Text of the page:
Some of you might remember the first years. Miguel Gorjón, Kevin Nevado and Cristian Delgado (and his dad!) started rehabilitating the place and built a few ledges. Then came Marcos Gómez, with his wisdom, and everything started coming into shape. How could they know that it would become what it is today? ‘The Spot’, as they initially called it, was growing little by little, and new characters started to arrive. Nanaqui and Richi came for the first time to help Sergi Arenas build one of the first quarterpipes and they ended up staying forever with the rest of the Sentfields Boyz (STFS): Iván and Dani, Weeman, the Lagunilla twins, Harun… At that time, in 2013, they didn’t have any construction knowledge, but they had will and motivation! Every single one of them is peculiar in their own way (I mean it as a compliment), with very distinct personalities. I still remember watching their videos just after meeting them: they were skating naked through fire, beer cans all around, and I was puzzled by the whole thing.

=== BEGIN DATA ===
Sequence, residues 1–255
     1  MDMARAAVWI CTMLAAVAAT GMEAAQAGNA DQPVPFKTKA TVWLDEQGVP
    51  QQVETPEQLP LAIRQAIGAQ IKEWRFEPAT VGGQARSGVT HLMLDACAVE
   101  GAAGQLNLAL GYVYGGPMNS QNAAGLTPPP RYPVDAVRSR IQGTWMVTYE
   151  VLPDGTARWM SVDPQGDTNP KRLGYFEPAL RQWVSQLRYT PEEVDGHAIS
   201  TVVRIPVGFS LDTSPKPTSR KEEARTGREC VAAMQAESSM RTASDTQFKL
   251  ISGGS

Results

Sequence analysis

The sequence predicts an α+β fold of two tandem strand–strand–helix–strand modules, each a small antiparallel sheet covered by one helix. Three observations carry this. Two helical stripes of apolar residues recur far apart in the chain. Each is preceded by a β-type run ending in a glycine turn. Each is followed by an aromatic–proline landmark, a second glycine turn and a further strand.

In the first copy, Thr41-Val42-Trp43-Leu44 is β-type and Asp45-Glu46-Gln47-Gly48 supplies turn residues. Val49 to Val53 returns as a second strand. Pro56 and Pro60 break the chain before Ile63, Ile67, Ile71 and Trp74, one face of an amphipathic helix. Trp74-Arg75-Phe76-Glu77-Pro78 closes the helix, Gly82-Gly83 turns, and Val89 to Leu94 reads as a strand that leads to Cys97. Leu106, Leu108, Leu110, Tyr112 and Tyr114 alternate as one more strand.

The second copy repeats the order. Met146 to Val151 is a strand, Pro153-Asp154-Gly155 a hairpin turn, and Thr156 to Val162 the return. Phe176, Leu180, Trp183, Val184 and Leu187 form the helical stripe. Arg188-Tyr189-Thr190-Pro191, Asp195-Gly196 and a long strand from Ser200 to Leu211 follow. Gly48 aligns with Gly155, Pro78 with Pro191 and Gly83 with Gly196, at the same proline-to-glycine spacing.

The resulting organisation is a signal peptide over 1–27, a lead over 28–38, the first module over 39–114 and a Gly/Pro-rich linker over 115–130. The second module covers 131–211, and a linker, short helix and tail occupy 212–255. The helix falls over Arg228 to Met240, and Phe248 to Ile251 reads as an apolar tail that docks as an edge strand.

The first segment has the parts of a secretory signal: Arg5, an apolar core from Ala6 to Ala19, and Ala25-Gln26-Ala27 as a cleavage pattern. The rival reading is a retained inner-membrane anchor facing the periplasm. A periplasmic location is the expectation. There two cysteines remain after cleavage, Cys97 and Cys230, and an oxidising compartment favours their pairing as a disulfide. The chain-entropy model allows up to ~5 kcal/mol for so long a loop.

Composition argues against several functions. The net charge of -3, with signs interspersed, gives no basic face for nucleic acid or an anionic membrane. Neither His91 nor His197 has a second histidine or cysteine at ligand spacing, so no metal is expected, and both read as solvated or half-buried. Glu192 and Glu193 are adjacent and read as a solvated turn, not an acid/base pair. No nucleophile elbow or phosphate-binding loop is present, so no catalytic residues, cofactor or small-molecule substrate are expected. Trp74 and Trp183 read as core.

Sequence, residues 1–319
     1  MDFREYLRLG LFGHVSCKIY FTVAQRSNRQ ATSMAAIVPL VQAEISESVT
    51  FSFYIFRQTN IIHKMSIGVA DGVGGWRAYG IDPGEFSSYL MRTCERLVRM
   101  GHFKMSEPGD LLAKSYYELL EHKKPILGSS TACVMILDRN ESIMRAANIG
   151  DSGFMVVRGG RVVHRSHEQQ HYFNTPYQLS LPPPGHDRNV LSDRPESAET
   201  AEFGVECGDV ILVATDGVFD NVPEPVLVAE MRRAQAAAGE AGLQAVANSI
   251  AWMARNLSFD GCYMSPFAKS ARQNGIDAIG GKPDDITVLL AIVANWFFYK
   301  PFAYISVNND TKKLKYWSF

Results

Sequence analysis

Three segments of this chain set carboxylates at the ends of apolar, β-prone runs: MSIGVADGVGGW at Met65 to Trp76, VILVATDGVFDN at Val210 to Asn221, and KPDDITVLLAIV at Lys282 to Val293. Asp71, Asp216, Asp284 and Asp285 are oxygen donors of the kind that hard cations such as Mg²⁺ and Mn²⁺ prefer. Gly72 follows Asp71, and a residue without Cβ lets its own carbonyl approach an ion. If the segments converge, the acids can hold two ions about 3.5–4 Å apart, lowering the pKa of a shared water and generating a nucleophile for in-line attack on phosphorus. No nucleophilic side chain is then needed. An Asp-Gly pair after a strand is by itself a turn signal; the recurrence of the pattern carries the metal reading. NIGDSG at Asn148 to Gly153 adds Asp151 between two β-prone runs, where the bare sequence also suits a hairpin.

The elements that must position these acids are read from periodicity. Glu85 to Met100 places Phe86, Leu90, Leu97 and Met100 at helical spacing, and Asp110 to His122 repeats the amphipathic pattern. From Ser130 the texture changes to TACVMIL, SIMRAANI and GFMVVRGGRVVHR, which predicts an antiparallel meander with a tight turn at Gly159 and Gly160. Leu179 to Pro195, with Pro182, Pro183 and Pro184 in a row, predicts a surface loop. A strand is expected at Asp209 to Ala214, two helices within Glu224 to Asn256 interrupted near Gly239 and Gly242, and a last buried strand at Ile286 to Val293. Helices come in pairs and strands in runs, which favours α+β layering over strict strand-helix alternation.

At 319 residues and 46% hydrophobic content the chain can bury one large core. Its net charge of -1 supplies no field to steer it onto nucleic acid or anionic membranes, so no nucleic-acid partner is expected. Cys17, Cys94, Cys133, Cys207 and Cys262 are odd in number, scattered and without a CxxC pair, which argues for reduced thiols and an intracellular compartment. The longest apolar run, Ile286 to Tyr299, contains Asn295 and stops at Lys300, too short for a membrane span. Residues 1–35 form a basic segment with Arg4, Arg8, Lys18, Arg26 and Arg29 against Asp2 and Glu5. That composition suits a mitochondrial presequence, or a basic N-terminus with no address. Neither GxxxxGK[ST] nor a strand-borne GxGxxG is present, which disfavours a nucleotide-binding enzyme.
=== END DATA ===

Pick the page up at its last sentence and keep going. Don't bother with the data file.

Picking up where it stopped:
Nanaqui Costa, frontside tailblock


The boys told me they came up with the name one day when it started raining and they found cover under a ramp. Francisquillo, a local from Badía, started rapping his boredom away, and in one of his rhymes, he said, ‘we’re at Spotter with Harry Potter’, referring to David Casado, who wears glasses. From that moment, ‘Spotter’ was the name – a word that, coincidentally, also pays homage to the plane spotters that look up to the sky in awe as the planes pass by.

Mercè Iserte, slash over Raisa Abal and Leticia Nogueira


Thanks to several projects supported by brands like Converse, Levi’s and Dickies, new chances to build came about. Even Spitfire launched their own Spotter wheels! The first transitions started to show up and they still remain there to this day. The boys kept building non-stop and Rocío, the lady in charge of the maintenance of the sports centre nearby, watched them at a distance. It wasn’t long until she started skipping work to hang out with the guys. They would build all day and wrap up the days with a paella by the fire. Rocío wasn’t just a great cook, she was a Badía local and knew all the key places where they could gather materials for free and keep building. She made everyone feel at home, quickly and deservingly earning her spot as ‘The Boss’.
Every ramp has its story. They never stopped building new obstacles and the area kept getting more and more full. In 2016, Richi wanted a bowl, and so he started building one under the pine tree, investing his own severance pay and selling his clothes to buy concrete. If I’m not mistaken, that’s the bowl I remember watching them skate naked, back in the day.